8. They Had Too Many 2D Cartoons

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                  Not only did ’90s kids have to suffer through subpar gaming, we also had much simpler cartoons. Not only were cartoons always two dimensional, the ones that were three dimensional were rendered on computers less powerful than your iPhone. Though this caused untold heartache, seeing Toy Story on the big screen for the first time was pretty cool.

                  9. They All Wished To Be Topanga

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                    After getting through the entire school week with none of the shows we liked to watch, ’90s kids would get together on Friday nights to tune in to our favorite shows. Every ’90s kid will remember the mainstay Boy Meets World, because all of us spent the weekend crying that we didn’t have Topanga’s hair.

                    10. They Had Too Many Road Trips

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                      I know what you’re thinking, yes, everyone is forced into a road trip at one time or another. But picture everything you hate about a road trip, with absolutely no screens whatsoever. Not only did we not have sophisticated mobile game options like the PSP or 3DS, there was no way to play VHS movies in vehicles for a long time. Plus, don’t forget that MP3 players were still a long ways off, so your very best hope was a pile of tapes and your parents’ Walkman. Combine this with less frequent air travel, and every ’90s kid likely has a few road trip horror stories to tell.

                      11. They Had TV-less Airplanes

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                        Much like being bored to death in the back your parents’ minivan, if you were lucky enough to fly somewhere instead, airplanes didn’t have television screens either. Unlike today, you couldn’t even suffer through reruns of shows you don’t watch anyway, you just had to watch the slightly sweaty stranger next to you slowly fall sleep.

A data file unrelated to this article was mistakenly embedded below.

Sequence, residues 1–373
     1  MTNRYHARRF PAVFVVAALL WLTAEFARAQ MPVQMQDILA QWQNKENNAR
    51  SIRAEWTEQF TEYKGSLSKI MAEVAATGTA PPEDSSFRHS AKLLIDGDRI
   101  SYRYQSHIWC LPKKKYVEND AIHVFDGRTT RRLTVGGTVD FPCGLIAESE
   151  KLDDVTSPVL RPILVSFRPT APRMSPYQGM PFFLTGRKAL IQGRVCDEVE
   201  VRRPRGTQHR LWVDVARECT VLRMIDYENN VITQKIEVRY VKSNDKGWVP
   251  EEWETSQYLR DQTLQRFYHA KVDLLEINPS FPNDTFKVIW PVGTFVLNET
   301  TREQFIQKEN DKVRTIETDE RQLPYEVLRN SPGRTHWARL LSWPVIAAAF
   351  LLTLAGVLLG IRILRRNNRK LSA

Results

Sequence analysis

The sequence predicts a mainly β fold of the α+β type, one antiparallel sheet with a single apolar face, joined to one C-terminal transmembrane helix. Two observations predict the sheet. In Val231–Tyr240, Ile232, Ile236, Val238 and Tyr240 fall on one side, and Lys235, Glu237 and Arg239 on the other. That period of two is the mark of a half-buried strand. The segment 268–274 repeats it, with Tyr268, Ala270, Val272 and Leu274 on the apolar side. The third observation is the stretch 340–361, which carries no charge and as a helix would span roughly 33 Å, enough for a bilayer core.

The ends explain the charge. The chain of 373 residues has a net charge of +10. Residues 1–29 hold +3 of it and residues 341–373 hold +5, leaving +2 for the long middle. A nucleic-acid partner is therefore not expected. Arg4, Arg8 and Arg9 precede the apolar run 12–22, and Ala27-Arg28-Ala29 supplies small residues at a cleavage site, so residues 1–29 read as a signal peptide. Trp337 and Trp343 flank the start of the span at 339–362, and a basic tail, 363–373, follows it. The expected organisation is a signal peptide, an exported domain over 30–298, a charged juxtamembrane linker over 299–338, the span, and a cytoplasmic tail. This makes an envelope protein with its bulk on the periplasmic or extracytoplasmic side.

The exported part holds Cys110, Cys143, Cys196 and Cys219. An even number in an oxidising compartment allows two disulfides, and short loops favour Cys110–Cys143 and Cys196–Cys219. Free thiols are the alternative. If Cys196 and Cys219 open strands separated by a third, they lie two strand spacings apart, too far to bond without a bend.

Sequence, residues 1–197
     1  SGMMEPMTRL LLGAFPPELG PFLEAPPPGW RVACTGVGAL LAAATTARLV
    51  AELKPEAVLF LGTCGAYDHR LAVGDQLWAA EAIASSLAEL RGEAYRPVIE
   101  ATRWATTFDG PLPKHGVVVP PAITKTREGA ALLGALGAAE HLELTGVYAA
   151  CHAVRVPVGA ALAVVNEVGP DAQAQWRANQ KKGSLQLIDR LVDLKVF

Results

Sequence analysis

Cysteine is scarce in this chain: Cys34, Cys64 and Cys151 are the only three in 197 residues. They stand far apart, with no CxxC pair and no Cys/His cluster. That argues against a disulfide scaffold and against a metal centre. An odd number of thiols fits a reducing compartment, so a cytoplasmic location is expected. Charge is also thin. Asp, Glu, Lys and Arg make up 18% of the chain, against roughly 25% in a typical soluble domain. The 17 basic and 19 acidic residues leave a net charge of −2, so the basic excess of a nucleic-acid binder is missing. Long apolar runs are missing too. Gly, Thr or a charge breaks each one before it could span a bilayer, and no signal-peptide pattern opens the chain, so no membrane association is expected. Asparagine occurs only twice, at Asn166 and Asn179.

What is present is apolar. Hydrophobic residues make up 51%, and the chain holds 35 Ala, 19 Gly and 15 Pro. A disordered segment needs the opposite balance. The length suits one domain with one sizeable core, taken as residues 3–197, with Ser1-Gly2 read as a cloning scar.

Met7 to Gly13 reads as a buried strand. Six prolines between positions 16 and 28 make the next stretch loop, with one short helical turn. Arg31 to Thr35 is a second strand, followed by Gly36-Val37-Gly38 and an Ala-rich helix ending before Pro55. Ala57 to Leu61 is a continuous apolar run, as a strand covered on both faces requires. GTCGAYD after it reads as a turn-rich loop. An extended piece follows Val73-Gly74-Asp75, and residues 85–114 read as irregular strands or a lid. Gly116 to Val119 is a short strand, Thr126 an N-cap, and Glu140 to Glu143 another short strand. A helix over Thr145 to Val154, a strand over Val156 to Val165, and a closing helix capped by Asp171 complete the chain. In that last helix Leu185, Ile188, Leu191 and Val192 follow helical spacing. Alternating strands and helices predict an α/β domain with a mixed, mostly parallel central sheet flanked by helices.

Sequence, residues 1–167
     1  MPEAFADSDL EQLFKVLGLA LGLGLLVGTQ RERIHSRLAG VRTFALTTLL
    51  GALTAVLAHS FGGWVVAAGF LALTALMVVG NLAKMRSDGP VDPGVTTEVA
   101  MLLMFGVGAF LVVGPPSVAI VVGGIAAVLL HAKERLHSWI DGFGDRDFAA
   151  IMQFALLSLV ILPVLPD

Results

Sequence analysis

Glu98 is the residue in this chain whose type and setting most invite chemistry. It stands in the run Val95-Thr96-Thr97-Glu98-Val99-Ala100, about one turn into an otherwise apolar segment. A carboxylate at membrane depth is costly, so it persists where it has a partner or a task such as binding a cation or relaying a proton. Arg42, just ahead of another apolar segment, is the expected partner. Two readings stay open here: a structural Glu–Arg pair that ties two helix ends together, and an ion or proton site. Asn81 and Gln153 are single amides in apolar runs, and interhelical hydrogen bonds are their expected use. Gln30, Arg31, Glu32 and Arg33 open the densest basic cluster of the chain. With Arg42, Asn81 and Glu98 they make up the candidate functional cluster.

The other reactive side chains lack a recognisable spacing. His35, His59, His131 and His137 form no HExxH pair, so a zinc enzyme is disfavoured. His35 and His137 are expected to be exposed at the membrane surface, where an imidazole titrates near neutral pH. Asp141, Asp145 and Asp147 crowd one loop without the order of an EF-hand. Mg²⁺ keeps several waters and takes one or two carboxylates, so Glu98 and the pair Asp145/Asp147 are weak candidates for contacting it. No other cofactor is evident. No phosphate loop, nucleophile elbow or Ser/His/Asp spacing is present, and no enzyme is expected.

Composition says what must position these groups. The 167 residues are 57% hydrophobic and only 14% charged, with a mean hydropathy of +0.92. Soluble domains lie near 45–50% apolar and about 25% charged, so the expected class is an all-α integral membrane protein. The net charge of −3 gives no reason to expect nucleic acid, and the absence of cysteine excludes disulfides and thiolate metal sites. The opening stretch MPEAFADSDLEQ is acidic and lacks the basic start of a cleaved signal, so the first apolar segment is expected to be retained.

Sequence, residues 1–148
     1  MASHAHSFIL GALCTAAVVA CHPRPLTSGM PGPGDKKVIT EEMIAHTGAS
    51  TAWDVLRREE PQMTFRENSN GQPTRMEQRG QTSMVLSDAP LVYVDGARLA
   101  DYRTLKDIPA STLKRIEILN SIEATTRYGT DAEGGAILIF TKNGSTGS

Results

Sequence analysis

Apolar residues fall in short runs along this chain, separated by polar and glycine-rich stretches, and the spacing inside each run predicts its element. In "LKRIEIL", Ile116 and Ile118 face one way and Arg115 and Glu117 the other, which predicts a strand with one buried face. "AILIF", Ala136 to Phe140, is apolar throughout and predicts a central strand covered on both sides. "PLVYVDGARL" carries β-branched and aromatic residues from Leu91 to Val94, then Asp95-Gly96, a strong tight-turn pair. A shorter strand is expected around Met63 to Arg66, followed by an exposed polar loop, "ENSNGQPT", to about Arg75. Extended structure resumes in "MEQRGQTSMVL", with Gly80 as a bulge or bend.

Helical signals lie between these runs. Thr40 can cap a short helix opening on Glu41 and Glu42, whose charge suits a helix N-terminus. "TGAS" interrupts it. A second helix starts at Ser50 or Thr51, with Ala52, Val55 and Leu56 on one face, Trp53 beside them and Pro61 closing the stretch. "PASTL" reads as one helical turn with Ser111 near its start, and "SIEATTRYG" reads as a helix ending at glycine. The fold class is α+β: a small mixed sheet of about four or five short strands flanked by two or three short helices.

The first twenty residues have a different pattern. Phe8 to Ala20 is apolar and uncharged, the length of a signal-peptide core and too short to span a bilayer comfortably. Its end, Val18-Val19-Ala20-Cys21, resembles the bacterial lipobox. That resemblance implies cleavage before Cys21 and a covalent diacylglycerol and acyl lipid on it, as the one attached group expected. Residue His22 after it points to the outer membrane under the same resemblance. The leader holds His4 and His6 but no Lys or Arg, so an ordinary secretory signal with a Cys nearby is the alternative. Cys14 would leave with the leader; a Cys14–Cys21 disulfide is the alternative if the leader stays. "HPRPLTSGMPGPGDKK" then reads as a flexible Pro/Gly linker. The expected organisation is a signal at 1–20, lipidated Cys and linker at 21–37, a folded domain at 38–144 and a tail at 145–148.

12. “Bro, that hyper color looks rad.”

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                          There’s no way to explain why hyper color was cool. If you don’t get it, you just weren’t a ’90s kid.

                          13. They Weren’t Warned About Mufasa’s Death

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                            There were great moments for kids’ movies in the ’90s, and then there were traumatizing ones. Imagine if the first time you watched Simba’s father die, the image was as big as an IMAX screen. 

                            14. They Had To Be Kind And Rewind

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                              Every ’90s kid can commiserate together over the hours we’ll never get back from VCRs. Not only did you have to rewind the movie every time you viewed it, the last person at the video rental store usually didn’t. Infinite sleepovers, family nights, and parties were interrupted by needing to rewind. There is no way to measure the number of moods killed at the hands of this ’90s relic, not to mention the dollars we’ll never get back from overpriced video rental stores. To this day, I, like all ’90s kids, am tempted to bow down in front of a Redbox machine every time I see one.

                              15. They Had Tamagotchi

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                                Just like the plastic and paper toys we collected, ’90s kids were first to see the rise of mobile gaming. Looking at a Tamagotchi now seems boring, but at the time, we were more than happy to have games follow us wherever we went.

                                16. They Played With Gak